Booker on Budgets, Being Mayoral

Up-and-coming political star and Mayor of Newark, N.J. Cory Booker, whose first campaign was documented in the entertaining documentary "Street Fight," recently sat down for a Q&A with Huffington Post. He offered some interesting thoughts on what it’s like to run a city in today’s America, and the challenges facing leaders in terms of both budget cuts and communication:

HuffPost: A trailer for the new season of Brick City starts with a quote from you, on the screen, where you say, "Squeeze everything else but police and fire." But late last year, the city laid off 164 officers, about 13 percent of the force. How did it come to that?

Booker: Look, budgets across the country — 60 percent of American cities have had reductions in their forces of public safety. And, so, this is not something that’s unique to Newark. In fact, right now it’s plaguing major cities in New Jersey. Camden has had major layoffs. Paterson is facing layoffs. Atlantic City. Jersey City. We’re facing, literally, the worst economy of our lifetimes.

So, we have dramatic losses in revenue. And public safety, frankly — police and fire — make up the significant majority of our budget. We were squeezing and starving every other area of our city. Furloughing employees, cutting staff. But it came to a point where we couldn’t cut enough to make up for the tremendous budgetary shortfall.

Challenges demand creativity. I’m grateful that the police director and my team really came forward with a substantive plan to make sure that the loss of those police officers didn’t affect the progress we were making in the street.

And, look, it’s been a difficult adjustment. We had really some challenges in the month of December. But now, as we’re going through January, things are really getting back on track. And I’m really encouraged. Remember, the first three years in office, we led the nation in percentage reduction of shootings and murders. And I’m really confident that now we’re beginning to get back to that nation-leading pace.

HP: I’ve heard that there are the same number of officers patrolling the street. But I also have heard from some of the union officials that in order to accomplish that, older officers have had to be re-deployed: People who were looking at retirement are now on street patrol. Are you concerned about officer safety?

CB: I’m always concerned about officer safety. I think when you are the leader of men and women who put their lives on the line — whether it’s firefighters and police, or national guard members in the military — that’s the most horrific thing, I think, for an executive, when guys who put their lives on the line get hurt or injured.

That’s a concern that hasn’t changed as a result of the layoffs. But in many ways, we have more experienced officers on the streets. Guys with more years under their belts, not people that are six months out of the academy. It’s a give-and-take in many ways.

Look, I’m very happy: We have our chief, who used to be doing other jobs, now in precincts, running our precincts. In many ways, we have the best talent of the agency closer to the street and closer to the ground on a daily basis.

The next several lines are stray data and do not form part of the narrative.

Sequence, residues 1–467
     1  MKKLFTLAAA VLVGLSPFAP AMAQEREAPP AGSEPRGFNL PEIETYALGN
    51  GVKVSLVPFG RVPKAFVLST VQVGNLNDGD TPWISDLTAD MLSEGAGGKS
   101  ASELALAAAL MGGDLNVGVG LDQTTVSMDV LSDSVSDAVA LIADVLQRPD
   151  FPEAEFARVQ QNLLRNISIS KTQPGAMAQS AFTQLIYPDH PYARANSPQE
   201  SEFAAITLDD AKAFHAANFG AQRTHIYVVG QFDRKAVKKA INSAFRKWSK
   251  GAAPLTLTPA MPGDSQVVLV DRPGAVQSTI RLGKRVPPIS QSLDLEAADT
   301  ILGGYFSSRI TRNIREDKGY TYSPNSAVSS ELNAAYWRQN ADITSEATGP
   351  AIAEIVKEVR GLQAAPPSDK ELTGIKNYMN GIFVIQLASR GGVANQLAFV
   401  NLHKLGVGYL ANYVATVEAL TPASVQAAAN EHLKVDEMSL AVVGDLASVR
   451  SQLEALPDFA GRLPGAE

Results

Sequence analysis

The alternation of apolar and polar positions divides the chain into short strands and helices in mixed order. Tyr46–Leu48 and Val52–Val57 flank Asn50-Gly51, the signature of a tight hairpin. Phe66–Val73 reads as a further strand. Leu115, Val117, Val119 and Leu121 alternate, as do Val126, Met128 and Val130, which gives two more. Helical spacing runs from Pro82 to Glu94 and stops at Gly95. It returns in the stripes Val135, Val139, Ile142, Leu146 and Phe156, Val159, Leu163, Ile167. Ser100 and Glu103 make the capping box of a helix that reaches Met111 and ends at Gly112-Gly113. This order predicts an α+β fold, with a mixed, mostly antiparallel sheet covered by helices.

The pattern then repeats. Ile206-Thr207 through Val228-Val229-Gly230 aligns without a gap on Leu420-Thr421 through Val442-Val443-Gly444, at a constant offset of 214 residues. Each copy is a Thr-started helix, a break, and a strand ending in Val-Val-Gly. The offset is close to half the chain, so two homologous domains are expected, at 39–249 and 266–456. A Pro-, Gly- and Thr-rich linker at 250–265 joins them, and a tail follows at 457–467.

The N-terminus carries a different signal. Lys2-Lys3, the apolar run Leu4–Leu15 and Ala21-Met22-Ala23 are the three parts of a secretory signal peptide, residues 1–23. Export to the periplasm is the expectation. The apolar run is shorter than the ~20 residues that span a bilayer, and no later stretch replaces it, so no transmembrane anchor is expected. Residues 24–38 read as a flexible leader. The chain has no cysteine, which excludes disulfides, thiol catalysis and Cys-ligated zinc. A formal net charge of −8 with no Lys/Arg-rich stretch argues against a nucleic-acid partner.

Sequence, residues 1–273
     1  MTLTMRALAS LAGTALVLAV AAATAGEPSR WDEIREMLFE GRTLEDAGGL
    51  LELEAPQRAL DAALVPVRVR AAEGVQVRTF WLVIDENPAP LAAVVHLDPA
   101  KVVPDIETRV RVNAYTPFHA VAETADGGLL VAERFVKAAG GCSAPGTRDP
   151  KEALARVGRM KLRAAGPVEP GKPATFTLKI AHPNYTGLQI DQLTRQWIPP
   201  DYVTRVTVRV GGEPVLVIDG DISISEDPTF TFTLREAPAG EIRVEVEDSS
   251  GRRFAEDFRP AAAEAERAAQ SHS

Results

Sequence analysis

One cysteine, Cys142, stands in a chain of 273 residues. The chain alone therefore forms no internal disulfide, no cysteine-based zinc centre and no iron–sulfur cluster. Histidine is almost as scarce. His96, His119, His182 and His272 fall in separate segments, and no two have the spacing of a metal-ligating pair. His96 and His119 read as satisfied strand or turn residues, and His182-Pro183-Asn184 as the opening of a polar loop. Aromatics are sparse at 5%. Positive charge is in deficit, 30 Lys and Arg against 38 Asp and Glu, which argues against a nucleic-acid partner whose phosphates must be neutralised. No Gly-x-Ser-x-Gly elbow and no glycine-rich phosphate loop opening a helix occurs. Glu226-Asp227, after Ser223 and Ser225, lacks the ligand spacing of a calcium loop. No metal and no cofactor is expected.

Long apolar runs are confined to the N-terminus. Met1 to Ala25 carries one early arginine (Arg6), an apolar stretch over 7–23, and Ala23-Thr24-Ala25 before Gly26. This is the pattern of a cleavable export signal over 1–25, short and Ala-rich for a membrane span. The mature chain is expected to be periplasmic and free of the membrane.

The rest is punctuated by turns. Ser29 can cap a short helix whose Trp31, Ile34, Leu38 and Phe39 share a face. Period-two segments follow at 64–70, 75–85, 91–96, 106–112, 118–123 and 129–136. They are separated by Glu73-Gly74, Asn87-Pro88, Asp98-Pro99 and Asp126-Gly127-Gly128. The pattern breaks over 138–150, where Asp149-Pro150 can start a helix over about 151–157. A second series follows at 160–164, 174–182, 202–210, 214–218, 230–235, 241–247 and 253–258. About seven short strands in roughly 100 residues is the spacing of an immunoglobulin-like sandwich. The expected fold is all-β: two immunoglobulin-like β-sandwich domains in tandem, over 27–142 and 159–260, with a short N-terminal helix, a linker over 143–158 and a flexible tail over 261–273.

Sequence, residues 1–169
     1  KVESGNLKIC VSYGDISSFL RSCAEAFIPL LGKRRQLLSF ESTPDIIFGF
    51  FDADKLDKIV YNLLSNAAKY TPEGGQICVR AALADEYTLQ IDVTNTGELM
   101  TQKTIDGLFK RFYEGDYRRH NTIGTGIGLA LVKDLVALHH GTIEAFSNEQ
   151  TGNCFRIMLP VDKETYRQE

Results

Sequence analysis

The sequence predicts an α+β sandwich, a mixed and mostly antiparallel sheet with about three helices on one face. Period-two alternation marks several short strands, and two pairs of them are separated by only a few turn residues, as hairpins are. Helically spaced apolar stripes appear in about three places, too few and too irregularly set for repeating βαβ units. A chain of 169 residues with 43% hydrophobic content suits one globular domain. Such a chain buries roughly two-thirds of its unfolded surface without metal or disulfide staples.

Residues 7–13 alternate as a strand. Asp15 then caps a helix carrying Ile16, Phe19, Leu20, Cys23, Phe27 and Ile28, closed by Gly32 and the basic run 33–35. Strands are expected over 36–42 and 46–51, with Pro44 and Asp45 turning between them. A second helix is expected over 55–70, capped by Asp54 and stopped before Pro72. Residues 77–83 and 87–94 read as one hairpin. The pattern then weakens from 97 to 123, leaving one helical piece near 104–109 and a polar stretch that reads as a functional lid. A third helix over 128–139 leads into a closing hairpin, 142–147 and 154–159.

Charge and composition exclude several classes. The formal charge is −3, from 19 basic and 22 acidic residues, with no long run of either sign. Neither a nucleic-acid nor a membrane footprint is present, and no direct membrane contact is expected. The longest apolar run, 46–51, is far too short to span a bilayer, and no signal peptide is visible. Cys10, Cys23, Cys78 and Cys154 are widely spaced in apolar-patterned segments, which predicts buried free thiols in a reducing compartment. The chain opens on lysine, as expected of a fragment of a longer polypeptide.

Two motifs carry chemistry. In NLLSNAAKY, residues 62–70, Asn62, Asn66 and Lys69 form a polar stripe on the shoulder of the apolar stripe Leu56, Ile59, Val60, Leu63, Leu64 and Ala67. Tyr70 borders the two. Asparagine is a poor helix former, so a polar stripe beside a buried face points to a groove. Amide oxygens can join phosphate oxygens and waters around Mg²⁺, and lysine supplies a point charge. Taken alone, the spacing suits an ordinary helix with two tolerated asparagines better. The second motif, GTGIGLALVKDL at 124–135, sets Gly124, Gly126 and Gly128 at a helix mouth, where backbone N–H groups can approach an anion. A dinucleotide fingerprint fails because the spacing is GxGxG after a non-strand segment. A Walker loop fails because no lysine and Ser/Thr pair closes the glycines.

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A Few Good Men… in Politics?

Politics is a brutal game. Personal insults. Name-calling. Misrepresenting opponents’ positions. Watching this banter is about the only thing negative about the fall season for many Hoosiers. But a new magazine, The Good Men Project, takes a less cynical stance, recognizing the Top 10 Good Men in American politics. And wouldn’t you know it — two Hoosiers made the list.

"While we don’t expect our list to restore your faith in America’s political system, we do hope to bring your attention to elected officials worth respecting for their integrity, their passion and their ideas," the editors added. "As our political landscape grows ever more polarized — and ordinary Americans feel increasingly alienated from the political process — the conventional wisdom seems to be that when it comes to elected officials, a good man is hard to find. As legendary humorist Kin Hubbard once put it, ‘We’d all love to vote for the best man, but he’s never a candidate."

The proprietors of the Good Men Project Magazine beg to disagree — and they placed two of Kin Hubbard’s fellow Hoosiers on their list to bolster their case. Citing a "need" to believe that there are still good men in public life, they spent months looking for them. Their list is bipartisan, and has its share of surprises. The criteria cited by the magazine in its accompanying article included integrity, intellectual honesty, respect for their political opponents – as well as their constituents – a belief in open government and a willingness to work in a bipartisan fashion. At a premium were men with compelling ideas, along with the political skill to help advance those ideas.

Here is the full list:

1. Sen. Carl Levin, D-Michigan
2. Rep. Paul Ryan, R-Wisconsin
3. Mayor Cory Booker, Newark Democrat
4. Rep. Anh "Joseph" Cao, R-Louisiana
5. Sen. Al Franken. D-Minnesota
6. Rep. Jeff Flake, R-Arizona
7. Sen. Richard Lugar, R-Indiana
8. Rep. Mark Strama, D-Tex.
9. Sen. Bernie Sanders, I-Vermont
10. Gov. Mitch Daniels, Indiana Republican

Working our way up the list, the fiscally prudent Mitch Daniels — a former White House budget director who is sometimes mentioned as future GOP presidential material — was cited for his sheer competence in cutting a huge state budget deficit in Indiana, and for doing so humanely and without stirring up much animosity among Democrats — his job approval rating tops 70 percent.

Hat tip to the Chamber’s Ashton Eller for the story.